In the transcripts we find that Jamal informs the court that he doesn’t care what the jury hears, and that he will interrupt the proceedings again and again, as he sees fit, until John Africa is permitted to represent him. He further states that he is “defending himself in the style of John Africa,” who advised constant courtroom disruption (as was done in the 1979 MOVE trial) in order to disrupt the flow of the proceeding and gain the jury’s sympathy.

Court: “You realize if you interrupt in front of this jury, I’m going to have to remove you again.”

Defendant: “Judge, you can remove me again and again and again and again and again and again. I’m going to point out to you what is important to me; that this is my trial; that this man [Mr. Jackson] is your employee, not mine; that he is functioning for the court system, not for me; he is not doing what I am telling him and directing him to do but what you are ordering him to do. So I choose to sit down because you can hear me from the seat.”

Court: “Okay.”

Defendant: “And I would like to have John Africa appointed to assist me in this matter.”

Court: “Denied.”

Defendant: “Judge, you can call the jury in and I don’t care if they hear it, frankly, because it’s the truth.”

 N.T. 6/24/82, 85


There are dozens of examples of Jamal’s demands to be “represented by” John Africa, these are just a few:

Defendant: “I’m attempting to get counsel of my choice. I’m attempting to get John Africa.”

Court: “I’m telling you Mr. Jamal, if you disrupt the proceedings, I’m warning you –“

Defendant: “Judge, your warning means nothing to me. Do you understand that?”

Court: “And I’m telling you, you may very well be removed as counsel.”

Defendant: “You do whatever you have to do.”

Court: “And Mr. Jackson will be put in.”

Defendant: “Do whatever. It’s not your choice, not his choice or Jackson’s choice. I want my own counsel of my choice, someone I have faith in, someone –“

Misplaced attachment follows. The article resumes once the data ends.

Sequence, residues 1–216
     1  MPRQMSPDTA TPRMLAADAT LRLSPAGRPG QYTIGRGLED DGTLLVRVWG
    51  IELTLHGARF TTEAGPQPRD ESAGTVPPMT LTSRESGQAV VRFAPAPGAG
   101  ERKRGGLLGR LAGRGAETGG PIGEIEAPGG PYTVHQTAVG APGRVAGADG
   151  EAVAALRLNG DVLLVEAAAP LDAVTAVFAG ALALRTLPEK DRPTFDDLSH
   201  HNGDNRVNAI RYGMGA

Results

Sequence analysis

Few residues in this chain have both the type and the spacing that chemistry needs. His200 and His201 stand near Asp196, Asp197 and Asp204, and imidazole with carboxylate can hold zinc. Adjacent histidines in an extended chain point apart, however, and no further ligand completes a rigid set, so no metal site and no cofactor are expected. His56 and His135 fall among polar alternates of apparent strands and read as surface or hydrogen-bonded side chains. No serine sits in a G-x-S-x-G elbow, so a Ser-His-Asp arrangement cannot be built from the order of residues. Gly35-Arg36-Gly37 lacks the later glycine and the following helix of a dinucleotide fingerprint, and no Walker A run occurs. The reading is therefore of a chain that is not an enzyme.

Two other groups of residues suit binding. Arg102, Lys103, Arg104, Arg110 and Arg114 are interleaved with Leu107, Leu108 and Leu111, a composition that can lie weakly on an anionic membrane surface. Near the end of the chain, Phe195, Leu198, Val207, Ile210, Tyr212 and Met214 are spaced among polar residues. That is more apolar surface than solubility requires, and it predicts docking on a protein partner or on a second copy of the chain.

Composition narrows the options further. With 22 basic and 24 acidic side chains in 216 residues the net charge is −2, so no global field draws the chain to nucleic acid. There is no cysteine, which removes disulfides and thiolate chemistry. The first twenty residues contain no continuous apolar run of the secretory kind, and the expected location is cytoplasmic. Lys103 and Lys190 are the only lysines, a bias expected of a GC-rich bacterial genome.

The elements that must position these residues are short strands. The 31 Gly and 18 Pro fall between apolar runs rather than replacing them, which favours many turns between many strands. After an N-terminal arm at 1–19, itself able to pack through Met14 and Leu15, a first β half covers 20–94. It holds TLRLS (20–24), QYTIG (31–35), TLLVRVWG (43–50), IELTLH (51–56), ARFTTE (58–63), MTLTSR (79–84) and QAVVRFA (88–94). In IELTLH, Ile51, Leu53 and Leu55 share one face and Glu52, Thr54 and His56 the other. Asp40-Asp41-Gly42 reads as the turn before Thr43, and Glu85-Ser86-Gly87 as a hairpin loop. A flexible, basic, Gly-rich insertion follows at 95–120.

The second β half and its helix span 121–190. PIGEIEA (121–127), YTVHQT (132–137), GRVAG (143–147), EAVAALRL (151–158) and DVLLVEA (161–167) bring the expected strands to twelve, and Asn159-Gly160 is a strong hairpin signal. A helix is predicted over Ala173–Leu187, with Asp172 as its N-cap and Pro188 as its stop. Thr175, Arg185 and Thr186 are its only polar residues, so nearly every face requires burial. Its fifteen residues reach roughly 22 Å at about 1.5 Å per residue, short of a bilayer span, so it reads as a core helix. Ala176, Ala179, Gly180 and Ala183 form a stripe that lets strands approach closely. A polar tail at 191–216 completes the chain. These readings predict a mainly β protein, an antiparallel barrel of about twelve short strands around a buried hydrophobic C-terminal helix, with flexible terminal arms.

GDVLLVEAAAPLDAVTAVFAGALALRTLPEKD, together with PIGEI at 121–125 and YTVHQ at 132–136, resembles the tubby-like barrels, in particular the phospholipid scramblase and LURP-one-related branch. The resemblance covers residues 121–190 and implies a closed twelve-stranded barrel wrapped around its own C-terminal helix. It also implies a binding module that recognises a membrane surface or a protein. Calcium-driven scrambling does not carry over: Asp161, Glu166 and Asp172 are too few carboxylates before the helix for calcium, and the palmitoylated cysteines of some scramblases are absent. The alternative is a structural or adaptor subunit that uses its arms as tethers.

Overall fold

McGill: “Is that John Africa he’s talking about?”

Court: “Yes, John Africa he’s talking about.”

Defendant: “That’s right. You have not ruled to my satisfaction. This is my trial.”

Court: “I don’t care about your satisfaction.”

Defendant: “Listen I do –“

Court: “There’s satisfaction –“

Defendant: “I do.”

Court: “– in Appellate Court.”

N.T. 6/17/82, 1.50-1

Defendant: “I would like to have John Africa Represent me.”

Court: “I know. It’s there in the record numerous times. You don’t have to put it in again. Will you please sit down so we can proceed with the trial?” (6-23-82, T.R. 6.118)

Defendant: “Judge, I am asking the question in the spirit of the proceeding. Obviously I’m not obstructing anything.”

Court: “Yes, you are.”

Defendant: “Again, I am not.”

Court: “Yes, you are.”

Defendant: “I would like to protest the continued presence of Mr. Jackson as my defense. He is not my counsel. My counsel is John Africa.”

N.T. 6/24/82, 19

After being convicted of First Degree Murder, Jamal chose of his own free will, and against his own attorney’s recommendation, to read a rambling political statement to the jury that was to sentence him. In this statement Jamal called Judge Albert Sabo a “Black Robed Conspirator” (N.T. 7/3/82, 11). It was Jamal, not prosecutor Joe McGill as the defense contends, who first brought up the issue of Jamal’s political affiliations. Jamal freely chose to make his political beliefs crystal clear to the jury when he quoted John Africa in his statement to them:

“It is the system that is guilty of the crimes of all that is criminal, all crimes are committed within the system not without…”

N.T. 7/3/82, 14


In a final proclamation of his political affiliation with MOVE, Jamal had this to say to the jury that was about to sentence him: